Visual narratives emphasizing communal benefits boost COVID-19 vaccination rates

In a recent study published in the journal PNAS Nexus, researchers performed a three-wave online panel survey across 50 states in the United States of America (USA) and Washington D.C. in 2021 to test the influence of visual narrative-based policy communication messages on people's attitudes and behavior towards coronavirus disease 2019 (COVID-19) and benefits of COVID-19 vaccination.

They aimed to advance the science of narrative risk communication about COVID-19 vaccination by developing an understanding of the influence of the message structure via a visual platform of risk messaging.

In addition, they assessed the effects of specific narrative mechanisms (character selection), moderation effects of political ideology, and mediation effects of affective response & motivation to vaccinate on COVID-19 vaccine uptake behavior. More importantly, they evaluated how covariates, such as risk perception, COVID-19 & vaccination history, and demographics, affected mediator, moderator, and outcome variables.

Study: Visual policy narrative messaging improves COVID-19 vaccine uptake. Image Credit: CDC


In times of crisis, such as the COVID-19 pandemic, how messages influencing risk reduction behavior (e.g., getting vaccinated) were conveyed was crucial. In fact, there is always this need to identify the specific narrative mechanisms that lead to greater persuasion.

About the study

In the present study, researchers distributed a panel survey experiment to 3,900 US citizens in 2021, recruited from several sources, e.g., gaming sites, social media, and targeted email lists, to name a few.

The team randomly assigned survey respondents to one of the four experimental conditions in T1 launched between January 11 and February 3, 2021. Two months later, at T2, they measured vaccine behavior (Y1) as the outcome variable.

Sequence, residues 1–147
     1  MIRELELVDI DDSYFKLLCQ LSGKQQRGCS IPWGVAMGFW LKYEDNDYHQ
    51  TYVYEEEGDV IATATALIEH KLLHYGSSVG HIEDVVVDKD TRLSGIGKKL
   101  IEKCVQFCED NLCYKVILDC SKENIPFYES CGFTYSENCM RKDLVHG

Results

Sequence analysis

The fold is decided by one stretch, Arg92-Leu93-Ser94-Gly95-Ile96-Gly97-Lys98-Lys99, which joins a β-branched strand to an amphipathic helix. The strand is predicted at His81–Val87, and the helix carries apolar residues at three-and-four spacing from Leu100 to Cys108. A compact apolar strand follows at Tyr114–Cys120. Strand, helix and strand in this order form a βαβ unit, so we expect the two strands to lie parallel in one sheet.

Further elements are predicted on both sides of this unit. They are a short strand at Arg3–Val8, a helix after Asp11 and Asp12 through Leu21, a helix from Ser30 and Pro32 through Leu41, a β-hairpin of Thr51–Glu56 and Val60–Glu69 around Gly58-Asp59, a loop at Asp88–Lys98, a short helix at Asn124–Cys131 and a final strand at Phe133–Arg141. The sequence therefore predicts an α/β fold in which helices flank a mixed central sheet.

Four experimental conditions comprised three visual policy narrative messages (or treatment conditions) – protect yourself, your circle, and your community, and a non-narrative message (control condition), viz., get the vaccine. They tested the narrative mechanism of character selection in the treatment conditions. Likewise, they measured all covariates in T1 before exposure to experimental conditions.

The team conducted two analyses.

In analysis 1, they assessed the overall effect of narrative risk messages (Xi) on vaccination (Y1), moderated by political ideology (W), controlling for all covariates. Importantly, risk perception was not used as a mediating variable in the model, as the risk perception surrounded the impacts of getting the coronavirus, not the COVID-19 vaccine.

The second analysis was a moderated serial mediation analysis with conditional effects. It tested the mediation effects of message conditions (Xi) through affective response (M1) and motivation to vaccinate (M2) on vaccine behavior at T2 (Y1), both as individual mediators and as serial mediators controlling for all covariates.

The team measured M1 and M2 immediately after respondents were exposed to the message conditions during T1 using a seven-point scale from "extremely negative" to "extremely positive" and another seven-point scale from "not at all" to "a great deal," respectively.

They also measured political ideology, a potential moderator (W), on a seven-point scale, where lower numbers indicated stronger conservative beliefs and higher numbers hinted at firmer liberal beliefs. The researchers used a regression-based moderated mediation model called Hayes PROCESS macro to analyze visual policy narratives' total, mediation, and moderation effects on COVID-19 vaccination behavior.


First and foremost, the current study confirmed that narrative-based risk messages are more powerful than non-narrative ones regarding influencing the COVID-19 vaccine uptake. In addition, all three narrative conditions tested in this study had substantial conditional effects on vaccine uptake behavior than the control condition.

Importantly, the narrative structure also strongly influenced people's decision-making. Thus, risk communication practitioners and researchers should craft narrative-based risk messages with characters rather than a moral or directive. Furthermore, risk messaging motivating behavior with communal benefits, i.e., protect your circle, was far more effective in increasing vaccine uptake.